Expecting others to live by spiritual laws entirely unapplied to oneself is a disheartening form of religious hypocrisy. This spiritual malady afflicts all false believers, particularly conspiring against those in leadership roles, only to undermine the religion as a whole. First sounding the alarm more than two millennia ago, Christ sternly warned in St. Matthew 23:2-7,13-14, "The teachers of the law and the Pharisees sit in Moses' seat. So you must be careful to do everything they tell you. But do not do what they do, for they do not practice what they preach. They tie up heavy, cumbersome loads and put them on other people's shoulders, but they themselves are not willing to lift a single finger to move them. Everything they do is done for people to see: they make their phylacteries wide and the tassels on their garments long, they love the place of honor at banquets and the most important seats in the synagogues, they love to be greeted with respect in the marketplace and to be called 'Rabbi' by others... Woe to you, teachers of the law and Pharisees, you hypochrites! You shut the door of the kingdom of Heaven on people's faces. You yourselves do not enter, nor will you let those enter who are trying to."


More than two millennia after this prescient warning was first ominously proferred, wondering whether the Apostles themselves were free of this hypocrisy has been one debilitating spiritual problem recently encountered while trying to study the New Testament. Believing the Apostles actually lived by their sacred words once so honestly left behind is of the utmost importance. First living by what these divine words preach is the primary responsibility of one who writes in defense of the Gospel, even when only God himself is watching. Doing so free of any pecuniary motivation also helps to strengthen the faith of those who believe there is much in this world that should never be up for sale, religious conviction being only one such example. The minute one tries to market Christianity, as just another good merely to be bought and sold, his own faith is severely compromised along the way. As Christ himself once commanded on St. Matthew 6:24: "No one can serve two masters. Either you will hate the one and love the other, or you will be devoted to one and despise the other. You cannot serve both God and money."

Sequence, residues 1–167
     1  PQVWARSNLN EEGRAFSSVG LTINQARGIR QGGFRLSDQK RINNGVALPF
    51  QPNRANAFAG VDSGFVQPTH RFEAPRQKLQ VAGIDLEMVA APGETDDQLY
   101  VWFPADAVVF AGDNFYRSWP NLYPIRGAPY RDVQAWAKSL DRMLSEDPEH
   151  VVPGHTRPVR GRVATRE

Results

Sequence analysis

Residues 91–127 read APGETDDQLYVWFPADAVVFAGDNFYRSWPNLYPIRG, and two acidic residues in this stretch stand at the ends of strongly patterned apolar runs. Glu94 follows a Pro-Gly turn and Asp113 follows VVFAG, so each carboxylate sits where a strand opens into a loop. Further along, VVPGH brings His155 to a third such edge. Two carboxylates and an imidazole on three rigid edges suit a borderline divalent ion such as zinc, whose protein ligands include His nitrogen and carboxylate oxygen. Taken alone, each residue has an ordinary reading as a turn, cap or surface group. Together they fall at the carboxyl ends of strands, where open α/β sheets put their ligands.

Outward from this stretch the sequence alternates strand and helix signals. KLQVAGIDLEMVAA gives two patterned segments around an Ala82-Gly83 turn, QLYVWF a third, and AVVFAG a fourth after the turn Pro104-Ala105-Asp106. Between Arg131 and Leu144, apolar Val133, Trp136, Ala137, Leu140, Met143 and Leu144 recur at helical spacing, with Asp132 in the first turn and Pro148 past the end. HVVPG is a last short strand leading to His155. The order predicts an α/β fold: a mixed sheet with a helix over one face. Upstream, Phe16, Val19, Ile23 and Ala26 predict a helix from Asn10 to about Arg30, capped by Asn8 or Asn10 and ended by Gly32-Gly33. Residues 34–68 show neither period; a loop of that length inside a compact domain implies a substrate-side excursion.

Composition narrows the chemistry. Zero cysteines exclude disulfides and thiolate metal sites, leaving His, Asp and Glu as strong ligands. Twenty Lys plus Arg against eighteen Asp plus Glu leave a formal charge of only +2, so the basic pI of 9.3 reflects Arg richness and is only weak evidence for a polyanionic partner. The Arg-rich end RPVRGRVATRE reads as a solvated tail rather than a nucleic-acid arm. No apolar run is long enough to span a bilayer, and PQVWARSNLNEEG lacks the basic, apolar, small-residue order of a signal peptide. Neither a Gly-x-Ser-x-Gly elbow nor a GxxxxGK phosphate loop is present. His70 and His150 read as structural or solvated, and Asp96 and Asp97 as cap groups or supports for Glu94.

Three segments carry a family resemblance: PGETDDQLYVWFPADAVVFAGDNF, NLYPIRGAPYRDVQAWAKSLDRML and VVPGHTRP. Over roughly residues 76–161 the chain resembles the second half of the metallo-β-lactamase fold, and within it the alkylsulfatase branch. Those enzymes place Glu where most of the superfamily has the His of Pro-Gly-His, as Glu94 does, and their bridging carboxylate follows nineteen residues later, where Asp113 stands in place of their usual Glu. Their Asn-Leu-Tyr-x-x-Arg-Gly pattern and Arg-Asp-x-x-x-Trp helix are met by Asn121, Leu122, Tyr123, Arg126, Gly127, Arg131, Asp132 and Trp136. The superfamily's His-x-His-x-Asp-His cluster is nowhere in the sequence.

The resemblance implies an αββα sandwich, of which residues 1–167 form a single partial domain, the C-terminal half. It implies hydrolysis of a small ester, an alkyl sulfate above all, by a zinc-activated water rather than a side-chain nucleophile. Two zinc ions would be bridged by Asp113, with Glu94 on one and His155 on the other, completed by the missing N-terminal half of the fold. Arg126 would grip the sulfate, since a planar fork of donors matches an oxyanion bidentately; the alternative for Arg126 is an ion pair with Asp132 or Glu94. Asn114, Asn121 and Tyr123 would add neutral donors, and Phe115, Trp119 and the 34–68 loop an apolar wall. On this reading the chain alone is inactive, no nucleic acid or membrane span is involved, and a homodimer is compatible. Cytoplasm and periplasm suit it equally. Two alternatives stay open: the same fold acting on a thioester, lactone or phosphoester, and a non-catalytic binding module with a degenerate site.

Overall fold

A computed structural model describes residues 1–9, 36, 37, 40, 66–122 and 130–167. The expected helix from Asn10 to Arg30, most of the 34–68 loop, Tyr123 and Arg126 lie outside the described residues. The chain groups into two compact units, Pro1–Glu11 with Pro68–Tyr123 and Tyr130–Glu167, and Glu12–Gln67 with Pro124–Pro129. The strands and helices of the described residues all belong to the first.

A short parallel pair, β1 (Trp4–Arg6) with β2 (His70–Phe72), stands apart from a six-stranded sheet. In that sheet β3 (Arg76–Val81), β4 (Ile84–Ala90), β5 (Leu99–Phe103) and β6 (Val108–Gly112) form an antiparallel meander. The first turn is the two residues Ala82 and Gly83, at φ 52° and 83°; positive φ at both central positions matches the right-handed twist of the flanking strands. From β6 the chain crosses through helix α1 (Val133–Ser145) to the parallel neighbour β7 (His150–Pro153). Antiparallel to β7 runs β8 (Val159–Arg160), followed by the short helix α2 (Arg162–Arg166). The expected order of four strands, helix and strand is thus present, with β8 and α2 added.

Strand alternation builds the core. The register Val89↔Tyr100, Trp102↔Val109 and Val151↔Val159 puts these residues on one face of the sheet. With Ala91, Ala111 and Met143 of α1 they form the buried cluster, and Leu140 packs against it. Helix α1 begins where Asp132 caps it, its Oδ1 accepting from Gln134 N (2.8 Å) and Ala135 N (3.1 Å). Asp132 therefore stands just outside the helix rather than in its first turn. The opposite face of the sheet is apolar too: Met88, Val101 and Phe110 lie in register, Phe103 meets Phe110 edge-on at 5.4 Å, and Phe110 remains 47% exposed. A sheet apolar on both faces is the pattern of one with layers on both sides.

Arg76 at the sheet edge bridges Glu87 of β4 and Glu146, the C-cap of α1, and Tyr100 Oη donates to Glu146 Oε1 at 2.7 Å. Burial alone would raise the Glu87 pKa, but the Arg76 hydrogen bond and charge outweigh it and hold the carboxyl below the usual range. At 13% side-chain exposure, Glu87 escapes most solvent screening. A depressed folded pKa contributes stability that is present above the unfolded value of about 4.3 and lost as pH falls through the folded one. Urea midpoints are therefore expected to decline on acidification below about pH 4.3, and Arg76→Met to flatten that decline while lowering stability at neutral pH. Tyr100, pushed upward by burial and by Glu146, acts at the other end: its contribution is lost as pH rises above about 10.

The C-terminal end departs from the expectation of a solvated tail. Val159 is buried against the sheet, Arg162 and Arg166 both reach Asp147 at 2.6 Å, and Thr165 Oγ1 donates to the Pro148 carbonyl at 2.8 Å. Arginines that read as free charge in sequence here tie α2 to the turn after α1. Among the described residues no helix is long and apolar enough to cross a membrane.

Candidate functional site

Opposing religious hypocrisy is also important for another good reason. The provenance of religious words is established not only by faith alone but also by the life stories of the evangelists and believers themselves. As the book of Acts and so many other biblical verses so clearly indicate, actions and moral choices are necessary to corroborate whatever sincere religious words may have to convey. Within the religious world this implies living in accordance with the divine words once so lovingly left behind despite the many spiritual trials and tragic vicissitudes of life. Holding a man accountable for his words is simply to respect the value of what he has to say. Setting a personal example that corroborates what is said and written only strengthens the value of the words left behind, not to mention the true value of oneself. Contrary to what popular belief may have to say, no one has ever been made any greater before the all-seeing eyes of God by embracing hypocrisy as a religion or as a highly profitable way of life.


While trying to resume my humble study of the Bible, it also pays to consider how the Holy Spirit has inspired the Apostles to convey a truth that vastly surpasses the personal meaning and individual limitations of their own lives. Even if some biblical evangelists may have occasionally faltered and betrayed themselves along life's tortuous way, the belief they were divinely inspired by the Holy Spirit renders their words still deserving of enormous consideration and great respect. The divine standard according to which the meaning of life is determined and against which souls are divinely judged is aptly found in the Bible, but only for Christians having the requisite faith, inspired understanding, resilient humility and fervent religious conviction.


In a world that worships manipulation and deception as a means of personal gain, remaining true to my own words and religious beliefs has been a lifelong concern, one never held in vain. When religion is transformed into a business, satisfying popular demand may lead one to stray from what biblical teachings may so dearly have to say. This has been a stumbling block for many churches, leading to great division, as even the Catholic church itself should admit. Paraphrasing one of Christ's many teachings, a man must first come to terms with his own hypocrisy before helping others to address theirs. This certainly applies to the words we leave behind.